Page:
The novel I have just (just!) finished writing is a story about a fabric collector. Well, it’s a love story and it’s a mother-daughter story, but one of the characters happens to be someone who loves fabric. She buys it all over the world, and hoards it, and, revels in its possibilities and in the end, finally discovers the best reason of all to use it. I can’t explain why I chose to write about a fabric collector, or what excited me about it, or why I bothered to spend so much time learning about fabric and weaving and sewing, but I did. And now I am in the strange position of taking a book out into the world and having to face real live fabric collectors.
I have been here before, with a character who was a food photographer, one who was a painter, one who was a building contractor, and I always worry about getting things wrong, or seeming presumptuous, but mostly, I can’t wait to connect with people who understand my character, in some ways, better than I do myself. And I know it will happen, because it always does. Books spark these amazing moment of serendipitous connection – and whether you’re a reader or a writer, they’re like gold.They make you feel alive with possibility, and connected to the whole universe, and filled with joy. At least they do me!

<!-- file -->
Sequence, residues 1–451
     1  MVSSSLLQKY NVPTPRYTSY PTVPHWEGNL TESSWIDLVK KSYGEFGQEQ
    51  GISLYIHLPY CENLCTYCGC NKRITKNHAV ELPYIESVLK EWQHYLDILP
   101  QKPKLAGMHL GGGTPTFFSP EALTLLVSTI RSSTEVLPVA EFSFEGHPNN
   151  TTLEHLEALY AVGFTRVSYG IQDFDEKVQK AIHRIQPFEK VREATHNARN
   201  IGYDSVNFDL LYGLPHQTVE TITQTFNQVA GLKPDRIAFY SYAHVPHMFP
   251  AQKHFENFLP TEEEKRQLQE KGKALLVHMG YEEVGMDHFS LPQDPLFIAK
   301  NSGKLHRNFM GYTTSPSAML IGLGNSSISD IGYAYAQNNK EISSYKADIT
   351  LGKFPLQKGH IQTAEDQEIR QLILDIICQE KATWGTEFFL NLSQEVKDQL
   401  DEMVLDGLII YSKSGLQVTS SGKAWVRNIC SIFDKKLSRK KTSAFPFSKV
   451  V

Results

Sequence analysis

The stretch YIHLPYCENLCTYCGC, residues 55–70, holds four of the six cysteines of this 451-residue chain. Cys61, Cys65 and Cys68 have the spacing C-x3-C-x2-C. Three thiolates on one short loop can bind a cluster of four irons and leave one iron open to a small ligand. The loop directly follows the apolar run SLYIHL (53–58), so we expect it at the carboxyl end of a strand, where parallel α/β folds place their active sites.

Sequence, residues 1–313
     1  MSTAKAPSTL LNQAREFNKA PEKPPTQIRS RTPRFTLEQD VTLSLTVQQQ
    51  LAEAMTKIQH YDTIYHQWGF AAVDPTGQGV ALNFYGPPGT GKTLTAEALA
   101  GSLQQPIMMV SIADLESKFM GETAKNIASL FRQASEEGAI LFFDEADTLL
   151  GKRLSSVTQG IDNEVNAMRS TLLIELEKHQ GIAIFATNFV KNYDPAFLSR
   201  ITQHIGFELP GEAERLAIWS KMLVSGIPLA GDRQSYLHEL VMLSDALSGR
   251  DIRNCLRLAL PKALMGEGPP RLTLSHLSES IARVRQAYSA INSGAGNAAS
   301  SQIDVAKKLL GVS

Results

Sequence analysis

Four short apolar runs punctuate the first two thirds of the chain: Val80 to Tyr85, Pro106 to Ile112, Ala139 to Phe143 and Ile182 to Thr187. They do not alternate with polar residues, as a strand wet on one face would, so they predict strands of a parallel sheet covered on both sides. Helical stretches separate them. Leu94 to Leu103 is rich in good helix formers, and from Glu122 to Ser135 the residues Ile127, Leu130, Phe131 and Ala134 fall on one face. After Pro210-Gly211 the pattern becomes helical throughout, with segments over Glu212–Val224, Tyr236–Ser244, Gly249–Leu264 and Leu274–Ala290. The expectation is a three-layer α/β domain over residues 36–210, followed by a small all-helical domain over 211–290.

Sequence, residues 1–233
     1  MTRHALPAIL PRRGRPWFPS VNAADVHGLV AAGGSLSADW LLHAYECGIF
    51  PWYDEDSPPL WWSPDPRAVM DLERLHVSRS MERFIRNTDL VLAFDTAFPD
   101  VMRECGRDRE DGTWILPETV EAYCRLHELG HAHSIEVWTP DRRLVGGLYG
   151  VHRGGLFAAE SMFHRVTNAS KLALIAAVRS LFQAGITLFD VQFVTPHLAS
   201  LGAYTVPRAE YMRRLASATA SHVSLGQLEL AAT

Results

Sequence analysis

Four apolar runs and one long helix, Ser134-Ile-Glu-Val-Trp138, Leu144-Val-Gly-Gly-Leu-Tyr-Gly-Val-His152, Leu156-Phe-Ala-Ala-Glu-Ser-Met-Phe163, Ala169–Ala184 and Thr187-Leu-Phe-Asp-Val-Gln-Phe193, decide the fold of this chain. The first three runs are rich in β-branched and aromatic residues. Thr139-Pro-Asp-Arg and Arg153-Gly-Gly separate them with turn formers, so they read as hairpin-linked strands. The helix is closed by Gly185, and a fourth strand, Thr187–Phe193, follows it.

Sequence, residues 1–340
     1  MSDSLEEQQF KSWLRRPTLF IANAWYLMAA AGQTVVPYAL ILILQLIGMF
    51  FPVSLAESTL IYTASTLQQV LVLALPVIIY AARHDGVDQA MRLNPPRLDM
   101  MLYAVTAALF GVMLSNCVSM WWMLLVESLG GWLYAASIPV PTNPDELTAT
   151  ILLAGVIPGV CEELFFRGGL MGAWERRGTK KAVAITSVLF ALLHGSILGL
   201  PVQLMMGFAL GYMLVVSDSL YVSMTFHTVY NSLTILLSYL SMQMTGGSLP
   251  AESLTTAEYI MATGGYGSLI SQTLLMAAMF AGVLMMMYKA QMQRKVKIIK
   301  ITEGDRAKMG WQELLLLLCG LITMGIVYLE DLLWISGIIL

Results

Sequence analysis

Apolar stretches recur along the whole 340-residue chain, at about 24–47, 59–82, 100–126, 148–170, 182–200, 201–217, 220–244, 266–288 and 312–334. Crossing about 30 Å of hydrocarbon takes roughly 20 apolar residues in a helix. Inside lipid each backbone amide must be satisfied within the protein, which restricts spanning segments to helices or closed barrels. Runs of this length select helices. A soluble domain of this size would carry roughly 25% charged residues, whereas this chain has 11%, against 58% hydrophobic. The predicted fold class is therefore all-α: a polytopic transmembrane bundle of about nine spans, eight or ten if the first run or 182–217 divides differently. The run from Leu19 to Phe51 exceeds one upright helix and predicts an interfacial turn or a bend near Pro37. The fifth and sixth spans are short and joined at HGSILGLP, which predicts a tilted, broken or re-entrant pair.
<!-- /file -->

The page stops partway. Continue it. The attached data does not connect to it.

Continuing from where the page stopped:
So last week, there were two such moments. The first came when a former student asked if I would come to her book club if they chose to read one of my books this year. I said that I would be delighted, and sent along a blurb about the new book (The Threadbare Heart, due out in May 2010) just in case they were interested in waiting for that one. Well, this student wrote back to say that she had read the blurb about the new book and that I had, in fact, written her life story! I had no idea that she was a seamstress and a fabric collector and that she had held onto a piece of fabric inherited from a grandmother and that, like my character, she lived in the fire-prone hills of California. But this woman is all those things, and so is my character, and the serendipity of that—of just knowing that – made my whole day.